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Accessibility and

Web accessibility is ensuring that there is nothing to prevent the use of, or access to, websites on the World Wide Web by people who are disabled. Health Net is always working to improve your access to our website. If you run into any issues using our website, please contact us. Also, please try the correct link below to help make access to our website better for you.

Accessibility features in your browser

All modern browsers include many features to make the web better to use, such as the option to "zoom in" on a web page. To learn more about the features of your browser, please select a link below.

For accessibility features in the Mac OS X Safari browser, please refer to the "accessibility features in Mac OS X computers" section below.

Accessibility features in your operating system

The Windows operating system and the Mac OS X operating system both offer accessibility features. Tools that allow you to turn on "high contrast mode", or to have the computer read web page text aloud. To learn more about the accessibility features of your computer, please select a link below.


For your best online experience, we suggest these browsers:

  • Internet Explorer 11.
  • Firefox.
  • Google Chrome.
  • Microsoft Edge.


Health Net's password policy contains rules to enhance security. Each user needs to create a password that has:

  • Between 6 and 15 characters.
  • At least one alpha (A to Z) character.
  • At least one numeric character (0-9).

Accounts are locked after 5 failed password entry attempts.

Password issues?

Please note that cutting and pasting a password (e.g. password vault) will not work.

To make this process easier you can choose to see your password as you type. To see your password (for a short time) just click the checkbox that states "Unmask my password (this attempt only)."

seal

A sign-in seal is part of Health Net's security system. It's designed to be secure at log in no matter what computer you are signing in from. It adds an extra layer of protection to prevent unapproved access. It also protects you from online fraud.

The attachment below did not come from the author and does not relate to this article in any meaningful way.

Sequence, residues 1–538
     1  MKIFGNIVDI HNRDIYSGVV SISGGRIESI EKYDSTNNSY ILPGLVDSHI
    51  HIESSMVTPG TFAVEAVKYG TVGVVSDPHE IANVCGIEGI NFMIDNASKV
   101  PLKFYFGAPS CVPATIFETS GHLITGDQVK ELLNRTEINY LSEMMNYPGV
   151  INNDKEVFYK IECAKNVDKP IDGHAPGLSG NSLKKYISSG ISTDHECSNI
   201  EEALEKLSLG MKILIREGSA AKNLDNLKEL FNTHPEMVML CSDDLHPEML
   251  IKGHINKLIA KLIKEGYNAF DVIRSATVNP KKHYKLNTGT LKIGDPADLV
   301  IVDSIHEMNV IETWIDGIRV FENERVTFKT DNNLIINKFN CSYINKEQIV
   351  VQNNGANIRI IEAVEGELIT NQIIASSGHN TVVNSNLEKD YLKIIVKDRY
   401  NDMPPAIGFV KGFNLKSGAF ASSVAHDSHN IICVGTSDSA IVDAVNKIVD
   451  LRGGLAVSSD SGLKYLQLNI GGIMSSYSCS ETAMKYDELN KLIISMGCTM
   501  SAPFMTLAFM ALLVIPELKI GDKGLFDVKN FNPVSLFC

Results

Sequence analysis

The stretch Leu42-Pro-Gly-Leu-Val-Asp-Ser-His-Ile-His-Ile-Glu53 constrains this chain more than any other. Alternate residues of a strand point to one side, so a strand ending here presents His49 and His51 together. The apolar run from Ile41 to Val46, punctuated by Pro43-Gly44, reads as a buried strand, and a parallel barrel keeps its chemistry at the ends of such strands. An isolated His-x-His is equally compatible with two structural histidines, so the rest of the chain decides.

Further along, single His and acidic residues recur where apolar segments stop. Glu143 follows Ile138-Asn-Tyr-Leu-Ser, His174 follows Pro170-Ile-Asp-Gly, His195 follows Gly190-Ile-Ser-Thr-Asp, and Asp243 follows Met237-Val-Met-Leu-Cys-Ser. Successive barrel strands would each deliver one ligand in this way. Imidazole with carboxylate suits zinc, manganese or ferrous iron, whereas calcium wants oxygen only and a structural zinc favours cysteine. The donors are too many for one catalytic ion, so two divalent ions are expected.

How does a sign-in seal protect me?

A sign-in seal is secret coding between your computer and You start by setting it up on your computer. Then, once you sign in to, your sign-in seal tells you that you're seeing the real site, not a phishing site.

Font sizes

Some browsers let you change the website's fonts to either be larger or smaller. Here's how:

  • Internet Explorer. Click the "gear" icon in the top right corner and select Zoom.
  • Firefox. Choose Zoom from the View menu.
  • Safari. Choose Zoom In or Zoom Out from the View menu.
  • Google Chrome. Choose the - or + next to Zoom. You'll find it under the "Customize and Control Google Chrome" icon.
  • Other browsers. To find out if you can adjust the font size on other browsers, consult the browser's help section.

Note: Changing the text size on may alter the site layout. This may make the page hard to read.

Monitor settings

You may want to change the screen resolution, also called display mode, on your computer monitor. It can help pages fit better on your screen. It can also make items look larger. Our website is designed for a display mode of 1024 x 768.

Lower display modes, such as 800 x 600, will make items on the page appear larger but less of the webpage will fit on the screen. You may have to scroll from left to right to view the whole page.

Higher display modes, such as 1366 x 768, will make more of the webpage fit on your screen but single items will look smaller.

To change your screen display mode:

  • Windows 7. From the Control Panel, click on Display. On "Make it easier to read what's on your screen" make your choice from:
    • Smaller - 100%
    • Medium - 125%
    • Larger - 150%
    Click Apply.
  • Mac OS X. From the Apple menu, go to System Preferences and select Displays. Choose the setting you want under "Resolutions."
  • Other operating systems. To change your screen display mode on other systems consult your computer's help section.


Cookies are simply stored pieces of information about what you like. A website transfers cookies to your computer about:

  • Items you like.
  • Content you've shown interest in.
  • How to make the most of that certain website and its services.

Cookies do not collect personal information (e.g. name or address). But they do assign a unique data element to each visitor so that the website can:

  • Recognize repeat users.
  • Track usage patterns.
  • Better serve you when you return to the site.

Note: If you have your browser set to private browsing, or refuse or delete cookies, you may not be able to take full advantage of features.

Learn more about cookies

Last Updated: 09/07/2021